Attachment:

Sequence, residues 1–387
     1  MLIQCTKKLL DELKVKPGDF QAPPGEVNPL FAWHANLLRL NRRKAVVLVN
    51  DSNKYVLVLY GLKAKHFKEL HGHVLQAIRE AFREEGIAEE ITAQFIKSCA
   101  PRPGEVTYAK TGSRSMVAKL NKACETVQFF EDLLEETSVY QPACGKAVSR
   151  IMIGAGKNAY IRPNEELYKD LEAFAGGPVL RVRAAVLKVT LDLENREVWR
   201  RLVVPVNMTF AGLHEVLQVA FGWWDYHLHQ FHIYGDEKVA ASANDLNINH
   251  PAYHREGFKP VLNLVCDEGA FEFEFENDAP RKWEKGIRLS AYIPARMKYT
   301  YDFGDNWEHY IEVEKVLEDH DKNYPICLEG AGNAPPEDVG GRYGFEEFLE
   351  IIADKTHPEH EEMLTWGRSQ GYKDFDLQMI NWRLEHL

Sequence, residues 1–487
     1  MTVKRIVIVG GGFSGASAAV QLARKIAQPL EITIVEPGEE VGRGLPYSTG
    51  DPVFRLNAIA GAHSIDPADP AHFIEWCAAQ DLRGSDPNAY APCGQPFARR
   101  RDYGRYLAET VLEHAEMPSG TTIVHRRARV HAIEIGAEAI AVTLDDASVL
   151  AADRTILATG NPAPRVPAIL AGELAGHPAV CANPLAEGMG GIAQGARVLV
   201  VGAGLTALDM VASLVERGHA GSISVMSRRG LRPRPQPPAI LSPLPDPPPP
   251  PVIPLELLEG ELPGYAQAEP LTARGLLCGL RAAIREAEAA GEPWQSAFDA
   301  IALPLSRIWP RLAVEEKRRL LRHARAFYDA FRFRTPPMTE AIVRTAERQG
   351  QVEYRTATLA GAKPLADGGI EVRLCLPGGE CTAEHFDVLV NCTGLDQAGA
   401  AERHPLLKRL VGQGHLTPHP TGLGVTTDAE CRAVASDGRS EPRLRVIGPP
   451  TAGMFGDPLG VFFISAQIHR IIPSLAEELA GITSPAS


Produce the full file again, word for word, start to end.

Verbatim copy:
Sequence, residues 1–387
     1  MLIQCTKKLL DELKVKPGDF QAPPGEVNPL FAWHANLLRL NRRKAVVLVN
    51  DSNKYVLVLY GLKAKHFKEL HGHVLQAIRE AFREEGIAEE ITAQFIKSCA
   101  PRPGEVTYAK TGSRSMVAKL NKACETVQFF EDLLEETSVY QPACGKAVSR
   151  IMIGAGKNAY IRPNEELYKD LEAFAGGPVL RVRAAVLKVT LDLENREVWR
   201  RLVVPVNMTF AGLHEVLQVA FGWWDYHLHQ FHIYGDEKVA ASANDLNINH
   251  PAYHREGFKP VLNLVCDEGA FEFEFENDAP RKWEKGIRLS AYIPARMKYT
   301  YDFGDNWEHY IEVEKVLEDH DKNYPICLEG AGNAPPEDVG GRYGFEEFLE
   351  IIADKTHPEH EEMLTWGRSQ GYKDFDLQMI NWRLEHL

Sequence, residues 1–487
     1  MTVKRIVIVG GGFSGASAAV QLARKIAQPL EITIVEPGEE VGRGLPYSTG
    51  DPVFRLNAIA GAHSIDPADP AHFIEWCAAQ DLRGSDPNAY APCGQPFARR
   101  RDYGRYLAET VLEHAEMPSG TTIVHRRARV HAIEIGAEAI AVTLDDASVL
   151  AADRTILATG NPAPRVPAIL AGELAGHPAV CANPLAEGMG GIAQGARVLV
   201  VGAGLTALDM VASLVERGHA GSISVMSRRG LRPRPQPPAI LSPLPDPPPP
   251  PVIPLELLEG ELPGYAQAEP LTARGLLCGL RAAIREAEAA GEPWQSAFDA
   301  IALPLSRIWP RLAVEEKRRL LRHARAFYDA FRFRTPPMTE AIVRTAERQG
   351  QVEYRTATLA GAKPLADGGI EVRLCLPGGE CTAEHFDVLV NCTGLDQAGA
   401  AERHPLLKRL VGQGHLTPHP TGLGVTTDAE CRAVASDGRS EPRLRVIGPP
   451  TAGMFGDPLG VFFISAQIHR IIPSLAEELA GITSPAS